It’s been less than two weeks since the United Kingdom’s parliament was dissolved to make way for a general election — but there have already been dozens of gaffes, controversies, and car-crash interviews.
As voters prepare to head to the polls on December 12, Business Insider has rounded up the most high-profile blunders and setbacks suffered by Labour, the Conservatives, and the Liberal Democrats, so far in the campaign.
1. Jacob Rees-Mogg’s ‘unforgivable arrogance’ over Grenfell
The Conservative party’s election bid got off to the worst possible start start on November 5 when Jacob Rees-Mogg, the leader of the House of Commons, caused widespread outrage for suggesting that victims of the Grenfell Tower disaster should have used “common sense” and ignored advice which told them to stay in the burning building.
“If you just ignore what you’re told and leave, you are so much safer,” Rees-Mogg, a prominent Brexiteer whose personal fortune is estimated at over £100 million, told LBC radio in an interview.
“And I think if either of us were in a fire, whatever the fire brigade said, we would leave the burning building. It just seems the common sense thing to do.”
The comments prompted instant and near-universal criticism, with Shadow Chancellor John McDonnell attacking Rees-Mogg’s “unforgivable arrogance.”
Rees-Mogg was forced to apologise, but the incident threatens to deter some wavering voters who are concerned about the party appearing out-of-touch.
2. Conservatives HQ doctors footage of Labour’s Keir Starmer
Only a day after Rees-Mogg was forced to apologise for his Grenfell comments, the Conservatives were accused of spreading “fake news” over a clip of Labour’s Keir Starmer which they posted to their social media channels. The clip falsely suggested that the Shadow Brexit Secretary was left speechless during an interview.
—Conservatives (@Conservatives) November 5, 2019
In the video, Starmer is asked a series of questions about Labour’s Brexit policy, the last of which appears to leave him lost for words. But in the original footage of the interview, Starmer answers the question immediately.
Conservative MP Johnny Mercer was one of the prominent politicians who criticised his own party’s video.
“It would appear this has inexplicably been doctored at the end,” he tweeted.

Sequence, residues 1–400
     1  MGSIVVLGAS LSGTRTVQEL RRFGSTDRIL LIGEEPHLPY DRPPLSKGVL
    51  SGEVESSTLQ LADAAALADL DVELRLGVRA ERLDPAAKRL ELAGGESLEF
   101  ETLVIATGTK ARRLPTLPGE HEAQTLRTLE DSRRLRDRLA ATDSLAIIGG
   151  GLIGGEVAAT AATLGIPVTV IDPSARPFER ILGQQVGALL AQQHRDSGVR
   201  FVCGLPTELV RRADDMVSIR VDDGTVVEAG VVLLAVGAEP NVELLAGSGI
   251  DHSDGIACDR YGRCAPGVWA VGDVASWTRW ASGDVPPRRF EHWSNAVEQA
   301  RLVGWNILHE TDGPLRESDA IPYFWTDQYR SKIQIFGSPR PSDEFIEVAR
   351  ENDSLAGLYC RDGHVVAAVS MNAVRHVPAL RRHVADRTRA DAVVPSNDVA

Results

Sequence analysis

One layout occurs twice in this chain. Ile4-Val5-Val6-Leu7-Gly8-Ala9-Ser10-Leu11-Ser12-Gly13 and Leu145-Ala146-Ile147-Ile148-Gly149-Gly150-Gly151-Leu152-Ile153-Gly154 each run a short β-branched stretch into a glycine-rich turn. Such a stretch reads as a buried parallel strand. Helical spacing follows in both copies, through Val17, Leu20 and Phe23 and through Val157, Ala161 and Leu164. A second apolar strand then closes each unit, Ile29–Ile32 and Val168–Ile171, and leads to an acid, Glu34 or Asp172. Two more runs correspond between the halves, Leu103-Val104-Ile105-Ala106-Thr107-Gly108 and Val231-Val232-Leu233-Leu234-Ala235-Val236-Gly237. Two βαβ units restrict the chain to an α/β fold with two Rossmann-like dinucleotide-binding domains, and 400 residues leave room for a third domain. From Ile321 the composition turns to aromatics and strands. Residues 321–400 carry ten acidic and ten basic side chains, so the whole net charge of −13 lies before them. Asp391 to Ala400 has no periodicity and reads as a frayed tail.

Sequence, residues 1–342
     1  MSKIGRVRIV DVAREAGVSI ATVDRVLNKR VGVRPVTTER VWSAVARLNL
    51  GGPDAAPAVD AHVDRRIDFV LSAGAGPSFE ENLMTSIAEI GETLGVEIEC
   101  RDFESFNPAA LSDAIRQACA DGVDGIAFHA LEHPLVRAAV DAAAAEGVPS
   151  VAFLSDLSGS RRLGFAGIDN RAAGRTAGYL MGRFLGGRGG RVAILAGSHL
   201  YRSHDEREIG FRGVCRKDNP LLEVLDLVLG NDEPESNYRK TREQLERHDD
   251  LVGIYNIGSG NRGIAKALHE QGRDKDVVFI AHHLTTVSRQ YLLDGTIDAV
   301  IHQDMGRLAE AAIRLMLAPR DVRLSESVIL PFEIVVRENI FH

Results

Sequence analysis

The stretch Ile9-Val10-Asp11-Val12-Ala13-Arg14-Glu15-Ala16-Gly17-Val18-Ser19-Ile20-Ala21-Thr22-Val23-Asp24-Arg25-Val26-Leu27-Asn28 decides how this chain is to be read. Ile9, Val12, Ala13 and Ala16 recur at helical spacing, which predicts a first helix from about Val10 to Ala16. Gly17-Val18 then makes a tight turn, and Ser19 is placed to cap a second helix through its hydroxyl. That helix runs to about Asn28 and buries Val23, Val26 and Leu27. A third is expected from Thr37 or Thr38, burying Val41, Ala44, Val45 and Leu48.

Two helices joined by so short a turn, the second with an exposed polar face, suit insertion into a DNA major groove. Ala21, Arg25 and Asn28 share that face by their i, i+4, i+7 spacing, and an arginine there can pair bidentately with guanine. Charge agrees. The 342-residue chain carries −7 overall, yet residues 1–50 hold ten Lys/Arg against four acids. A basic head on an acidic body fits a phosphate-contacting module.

“I apologise and will remove it.”
The party refused to delete the video. Conservative chairman James Cleverly said it was “light-hearted and satirical.”
3. Labour’s Tom Watson stands down
A series of high-profile Conservative gaffes after parliament was dissolved was only stymied when Labour suffered their own series of very high-profile setbacks in the space of a day on November 6.
The first saw Labour’s Tom Watson announce that was resigning as the party’s deputy leader and would not be standing again as a candidate in his constituency of West Bromwich East.
The departure of one of Labour’s most high-profile moderates prompted fresh questions about the direction of the party under leader Jeremy Corbyn, despite Watson’s insistence he was standing down for “personal” reasons.
Watson had repeatedly clashed with the leader over issues including his Brexit stance and anti-Semitism.
4. Former Labour MPs tell voters to back Boris Johnson
Labour’s miserable week was compounded when two former Labour MPs urged voters to back Boris Johnson, saying Corbyn was “completely unfit” to run the country.
Ian Austin and John Woodcock, both longtime critics of Corbyn who sat as independents after quitting Labour, said he had not done enough to tackle antisemitism within the party’s ranks, and was a threat to national security.
“Voting for anybody other than Boris Johnson risks Corbyn getting into No 10 and I think that would be a disaster for Britain,” Austin said.
Many Westminster stories do not reach the electorate or affect the way many of them vote. But the joint attack on Corbyn may have some cut-through in traditional, Labour-held seats where voters are wary of Corbyn.
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The Liberal Democrats hand out ‘misleading’ leaflets
The Liberal Democrats have gained notoriety for bar charts which appear to inflate their own prospects of electoral success compared to other parties. It’s early in the election campaign, but they’ve lived up to that reputation so far.
The party has been accused of misleading voters in multiple constituencies across the country with its election literature. That includes leaflets sent out by the Liberal Democrats in Putney, south London, where campaign literature said “YouGov polling for Putney” put the party in level pegging with the Conservatives. But YouGov confirmed to Business Insider that they had not carried out any polling in the constituency.
Another leaflet sent out by the party last week quoted the Guardian newspaper as saying “Lib Dems winning and on the up after by-election victory (pictured above.) However, the quote is actually from party leader Jo Swinson herself.
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